Would you be OK with that system, if you were reasonably confident that it would reduce traffic fatalities by say 10%? And this is a hypothetical - I'm not saying 10% is a correct number. I'm just asking if saving that number of lives every year would be worth the personal inconvenience to you.
2017-10-06 04:03:30 PM  
1 vote:

Corn_Fed: Callous: Corn_Fed: pedrop357: Corn_Fed: ZeroPly: 
Okay, so four guns. How would this proposal sound to you:

If you voluntarily agree to give up ownership of all your guns permanently, you get $1 million. You could still rent guns at a range and have fun with them there, but not take them outside the range. Perhaps even retain the four guns you own, but they would be kept at a gun range, and never allowed outside of it. (There would be severe penalties for breaking the agreement)

Would that voluntary approach with significant financial incentive sound reasonable to you? Something you would conceivably agree to?

No.

Fair enough. I'd be willing to bet there are a lot of gun owners, especially those making modest incomes, who would see such money as game-changing. And a voluntary approach with a tempting amount of money is a better approach than threatening to confiscate/ban people's guns.

What other rights do you think the government should be able to buy away from the citizenry?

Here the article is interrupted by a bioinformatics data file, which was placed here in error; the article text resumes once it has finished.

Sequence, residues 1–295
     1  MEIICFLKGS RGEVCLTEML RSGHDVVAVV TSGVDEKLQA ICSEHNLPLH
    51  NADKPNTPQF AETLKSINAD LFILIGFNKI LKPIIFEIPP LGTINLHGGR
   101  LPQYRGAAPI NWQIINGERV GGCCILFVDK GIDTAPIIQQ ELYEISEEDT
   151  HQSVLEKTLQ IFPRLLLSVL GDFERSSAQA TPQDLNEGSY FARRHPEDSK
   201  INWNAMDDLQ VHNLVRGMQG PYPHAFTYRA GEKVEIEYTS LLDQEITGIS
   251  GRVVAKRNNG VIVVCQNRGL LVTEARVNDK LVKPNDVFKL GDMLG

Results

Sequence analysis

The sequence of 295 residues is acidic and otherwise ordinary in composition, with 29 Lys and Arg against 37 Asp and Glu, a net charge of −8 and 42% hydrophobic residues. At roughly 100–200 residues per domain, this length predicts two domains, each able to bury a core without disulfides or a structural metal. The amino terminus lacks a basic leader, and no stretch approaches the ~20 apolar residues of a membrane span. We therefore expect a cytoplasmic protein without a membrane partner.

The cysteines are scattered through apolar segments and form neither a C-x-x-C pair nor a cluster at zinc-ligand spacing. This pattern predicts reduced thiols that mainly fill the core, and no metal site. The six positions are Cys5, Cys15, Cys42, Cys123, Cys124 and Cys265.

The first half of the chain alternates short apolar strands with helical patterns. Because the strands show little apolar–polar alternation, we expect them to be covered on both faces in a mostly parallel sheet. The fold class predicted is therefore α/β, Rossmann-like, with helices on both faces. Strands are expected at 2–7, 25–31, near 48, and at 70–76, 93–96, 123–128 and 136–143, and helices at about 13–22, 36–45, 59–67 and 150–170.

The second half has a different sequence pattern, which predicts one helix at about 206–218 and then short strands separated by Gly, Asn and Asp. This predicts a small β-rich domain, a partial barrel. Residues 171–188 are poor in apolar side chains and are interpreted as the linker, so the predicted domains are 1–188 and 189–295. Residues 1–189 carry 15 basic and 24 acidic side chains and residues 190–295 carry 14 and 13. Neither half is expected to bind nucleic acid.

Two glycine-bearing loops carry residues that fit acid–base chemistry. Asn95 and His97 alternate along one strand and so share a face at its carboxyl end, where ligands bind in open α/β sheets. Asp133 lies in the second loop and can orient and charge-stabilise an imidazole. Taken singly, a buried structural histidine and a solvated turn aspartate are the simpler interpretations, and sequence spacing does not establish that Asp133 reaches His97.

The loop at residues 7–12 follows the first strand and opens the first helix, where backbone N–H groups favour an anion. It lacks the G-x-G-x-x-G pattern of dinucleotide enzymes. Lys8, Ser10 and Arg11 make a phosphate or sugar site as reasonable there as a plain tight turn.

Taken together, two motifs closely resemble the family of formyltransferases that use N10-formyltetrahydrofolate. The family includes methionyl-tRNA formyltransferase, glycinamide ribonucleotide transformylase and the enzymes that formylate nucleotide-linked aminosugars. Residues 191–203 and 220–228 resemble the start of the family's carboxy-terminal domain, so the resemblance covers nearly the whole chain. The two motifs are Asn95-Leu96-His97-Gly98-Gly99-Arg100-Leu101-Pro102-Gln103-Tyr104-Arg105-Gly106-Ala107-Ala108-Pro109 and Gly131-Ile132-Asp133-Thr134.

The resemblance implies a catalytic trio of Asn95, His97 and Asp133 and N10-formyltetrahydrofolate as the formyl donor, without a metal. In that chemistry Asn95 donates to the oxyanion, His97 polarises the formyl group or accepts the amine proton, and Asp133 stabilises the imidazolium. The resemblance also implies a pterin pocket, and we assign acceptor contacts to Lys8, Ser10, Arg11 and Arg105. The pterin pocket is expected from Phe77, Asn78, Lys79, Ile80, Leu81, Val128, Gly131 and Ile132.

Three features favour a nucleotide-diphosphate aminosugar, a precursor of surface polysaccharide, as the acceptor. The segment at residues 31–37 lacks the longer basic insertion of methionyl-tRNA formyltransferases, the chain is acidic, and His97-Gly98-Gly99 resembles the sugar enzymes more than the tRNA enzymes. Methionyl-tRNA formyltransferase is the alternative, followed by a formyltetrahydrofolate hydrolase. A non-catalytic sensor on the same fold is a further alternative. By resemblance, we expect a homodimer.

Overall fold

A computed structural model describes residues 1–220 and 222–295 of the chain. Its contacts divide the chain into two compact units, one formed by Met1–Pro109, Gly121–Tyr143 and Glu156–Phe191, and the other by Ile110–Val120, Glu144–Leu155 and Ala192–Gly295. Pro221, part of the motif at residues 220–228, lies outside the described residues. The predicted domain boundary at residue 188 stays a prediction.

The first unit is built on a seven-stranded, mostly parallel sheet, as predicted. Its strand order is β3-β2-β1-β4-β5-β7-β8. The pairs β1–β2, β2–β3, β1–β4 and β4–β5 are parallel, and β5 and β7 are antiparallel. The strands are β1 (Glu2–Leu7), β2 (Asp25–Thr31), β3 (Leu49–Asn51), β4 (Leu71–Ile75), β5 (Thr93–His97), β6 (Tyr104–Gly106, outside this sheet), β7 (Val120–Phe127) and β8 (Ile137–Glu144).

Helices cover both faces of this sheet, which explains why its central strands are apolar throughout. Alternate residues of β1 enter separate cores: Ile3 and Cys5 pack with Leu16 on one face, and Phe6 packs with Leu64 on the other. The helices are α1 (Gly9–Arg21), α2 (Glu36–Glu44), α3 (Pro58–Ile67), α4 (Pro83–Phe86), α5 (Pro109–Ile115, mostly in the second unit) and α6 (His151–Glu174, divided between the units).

Everyone's got a price. It's voluntary. Why would you have a problem with something that's voluntary? Does this proposal scare you because it would likely divide the gun crowd, with many choosing to take the money?


Start the ball rolling with voting rights or search and seizure rights and let us see how it works.
$1 million to permanently waive your 4th amendment rights or $1million to permanently waive voting rights.
2017-10-06 03:32:09 PM  
1 vote:

ZeroPly: Corn_Fed: May I ask approximately how many guns you own?

Far fewer than you're thinking. I only target shoot, and I'm more about precision than variety, so here's my current "arsenal":

Sig P226 - for bowling pin and other target competitions
Colt AR-15 - (of course) for rapid fire and "fun", and because I miss shooting M4's
Savage 338 Lapua - for intermediate distance shooting, currently on loan to a buddy
Barrett M99 .416 bolt action - my favorite, for shooting at 600 to 1000 yard range

Of course, add in a reloading bench, spotter scopes, chronographs, etc, and it's more of a money pit than a hobby...


Okay, so four guns. How would this proposal sound to you:

If you voluntarily agree to give up ownership of all your guns permanently, you get $1 million. You could still rent guns at a range and have fun with them there, but not take them outside the range. Perhaps even retain the four guns you own, but they would be kept at a gun range, and never allowed outside of it. (There would be severe penalties for breaking the agreement)